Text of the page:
In an unprecedented public statement, the Shin Bet on Thursday acknowledged the use of the so-called “ticking bomb” protocol in the interrogation of Jewish extremists, enabling the security service to “manhandle” detainees suspected of planning imminent attacks.
Still, the Shin Bet vehemently denied the accusations of detainees, who say they were subjected to sexual assault, electrocution and beatings. According to attorneys for some half-dozen detainees held for the past three weeks on suspicion that they were involved in the killing of a Palestinian family in July, Shin Bet investigators tortured the suspects through beatings, sleep deprivation and other measures.
Under rules set in 1999 by the High Court of Justice, the Shin Bet is forbidden from torturing, but is allowed to “manhandle” terror suspects in cases where there is reason to believe there they constitute a “ticking bomb” that places lives in danger. Such “moderate physical pressure,” in the High Court’s terminology, is overseen by the head of the Shin Bet and the attorney general, can be appealed to the High Court, and is reported to a special cabinet committee that deals with the Shin Bet.
The Jewish detainees are suspected in the July 31 firebombing of the home of the Dawabsha family in the northern West Bank village of Duma, killing 18-month-old Ali Saad on site. Parents Saad and Riham died of their wounds in the hospital. Only five-year-old Ahmed, now in rehab, survived the blaze.
In a rare statement from the taciturn organization, whose motto roughly translates as “unseen shield,” the security service said Thursday that “the purpose of the investigation underway at this time is to uncover an [underground] organization and disrupt future terror attacks. Therefore, and in coordination with the judicial system, the [suspected terror] organization is being investigated according to professional and legal standards that are appropriate to the disruption of organizations that may carry out severe terror attacks in the future. During the interrogations [of the Jewish terror suspects], measures were taken that fit this end.”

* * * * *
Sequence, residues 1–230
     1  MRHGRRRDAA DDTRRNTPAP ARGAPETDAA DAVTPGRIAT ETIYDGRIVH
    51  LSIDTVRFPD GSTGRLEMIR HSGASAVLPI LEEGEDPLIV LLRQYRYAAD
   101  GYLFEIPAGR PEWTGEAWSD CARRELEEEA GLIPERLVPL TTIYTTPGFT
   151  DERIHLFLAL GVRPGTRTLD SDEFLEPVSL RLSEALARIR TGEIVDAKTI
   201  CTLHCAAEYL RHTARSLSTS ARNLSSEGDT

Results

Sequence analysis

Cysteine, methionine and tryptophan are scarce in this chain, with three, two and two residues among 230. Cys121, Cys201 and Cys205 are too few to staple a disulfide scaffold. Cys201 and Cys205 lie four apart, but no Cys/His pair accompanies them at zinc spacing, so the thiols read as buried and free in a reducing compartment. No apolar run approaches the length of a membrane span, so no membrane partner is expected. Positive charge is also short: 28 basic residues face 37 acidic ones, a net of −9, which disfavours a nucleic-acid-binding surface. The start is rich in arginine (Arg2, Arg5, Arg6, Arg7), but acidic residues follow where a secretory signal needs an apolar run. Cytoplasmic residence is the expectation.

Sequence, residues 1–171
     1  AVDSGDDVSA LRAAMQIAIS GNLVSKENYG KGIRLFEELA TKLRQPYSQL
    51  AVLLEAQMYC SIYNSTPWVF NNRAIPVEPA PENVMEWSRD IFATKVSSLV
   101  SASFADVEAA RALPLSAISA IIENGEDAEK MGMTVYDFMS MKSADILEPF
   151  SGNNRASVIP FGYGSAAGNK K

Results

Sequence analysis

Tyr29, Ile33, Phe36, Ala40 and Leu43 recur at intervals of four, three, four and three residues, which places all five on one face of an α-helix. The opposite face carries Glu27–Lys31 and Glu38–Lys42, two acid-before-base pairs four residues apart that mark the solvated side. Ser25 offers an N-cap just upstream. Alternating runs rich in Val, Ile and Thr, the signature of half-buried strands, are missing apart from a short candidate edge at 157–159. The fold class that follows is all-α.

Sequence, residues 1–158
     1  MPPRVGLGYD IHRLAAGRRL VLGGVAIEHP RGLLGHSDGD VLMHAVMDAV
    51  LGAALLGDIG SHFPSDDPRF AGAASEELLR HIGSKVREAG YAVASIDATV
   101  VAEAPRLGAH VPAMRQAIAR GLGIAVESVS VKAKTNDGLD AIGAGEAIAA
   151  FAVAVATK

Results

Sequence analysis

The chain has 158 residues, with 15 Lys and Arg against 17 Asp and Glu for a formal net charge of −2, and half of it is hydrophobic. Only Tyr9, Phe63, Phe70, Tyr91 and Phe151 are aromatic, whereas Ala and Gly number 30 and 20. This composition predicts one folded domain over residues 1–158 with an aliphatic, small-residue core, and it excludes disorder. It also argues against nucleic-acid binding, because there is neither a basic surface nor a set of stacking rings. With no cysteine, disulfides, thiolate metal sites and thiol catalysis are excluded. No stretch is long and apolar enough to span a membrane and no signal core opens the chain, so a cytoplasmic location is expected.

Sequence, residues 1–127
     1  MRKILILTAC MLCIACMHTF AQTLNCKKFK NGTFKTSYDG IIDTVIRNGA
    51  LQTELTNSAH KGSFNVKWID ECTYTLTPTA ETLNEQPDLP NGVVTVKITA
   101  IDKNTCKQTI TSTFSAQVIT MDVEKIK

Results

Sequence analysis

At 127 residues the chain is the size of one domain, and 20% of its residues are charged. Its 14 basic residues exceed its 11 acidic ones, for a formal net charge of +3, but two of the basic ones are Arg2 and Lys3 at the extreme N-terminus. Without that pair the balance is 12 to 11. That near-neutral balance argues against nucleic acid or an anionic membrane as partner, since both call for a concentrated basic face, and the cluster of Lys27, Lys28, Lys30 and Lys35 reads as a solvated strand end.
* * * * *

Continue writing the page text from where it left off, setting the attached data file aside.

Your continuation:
The statement went on to deny the claims by right-wing extremists, including attorneys for the suspects, that they were electrocuted, sexually assaulted and beaten while in custody.
The statement rejected claims that the suspects “were struck in intimate organs, that a ‘Sodom bed’ [a deliberately uncomfortable bed that prevents sleep] was used, that they were kicked, spat at or electrocuted, or that one of those interrogated tried to harm himself. These claims are false and have no connection to reality,” it said.
The agency added that the accusations were intended to “prevent the Shin Bet from doing its job” in preventing terror attacks by Jewish extremists.
According to rights groups that have launched court appeals against alleged torture of Palestinian terror suspects in the past, the “ticking bomb” rules include sleep deprivation, leaving suspects in darkness for extended periods, playing deafening music and “manhandling.”
The Shin Bet statement concluded by saying that the extremist group being investigated “advances the view that the State of Israel has no right to exist. Their primary goal is to topple of the Israeli state through violence, up to and including the murder of Palestinians, the launching of a rebellion in order to anoint a king, undermining relations between Israel and other states, the expulsion of non-Jews and attacks against minorities.”
According to a senior Shin Bet source cited by the NRG news site, the agency received approval to use “physical pressure” against the suspects 10 days ago — after the agency received intelligence indicating that other members of the group, who are not in detention, planned to carry out new terror attacks in the coming days.
The 10-member security cabinet voted in the wake of the Duma firebombing to extend special anti-terror rules, including detention without trial and other measures, to Israeli citizens believed to be violent extremists.
The Duma suspects appealed their detention, and the conditions of their interrogations, to the High Court of Justice last week. The court upheld the Shin Bet’s measures, but required that the suspects be allowed to meet with their legal counsel — for some detainees, after two weeks of detention without access to a lawyer.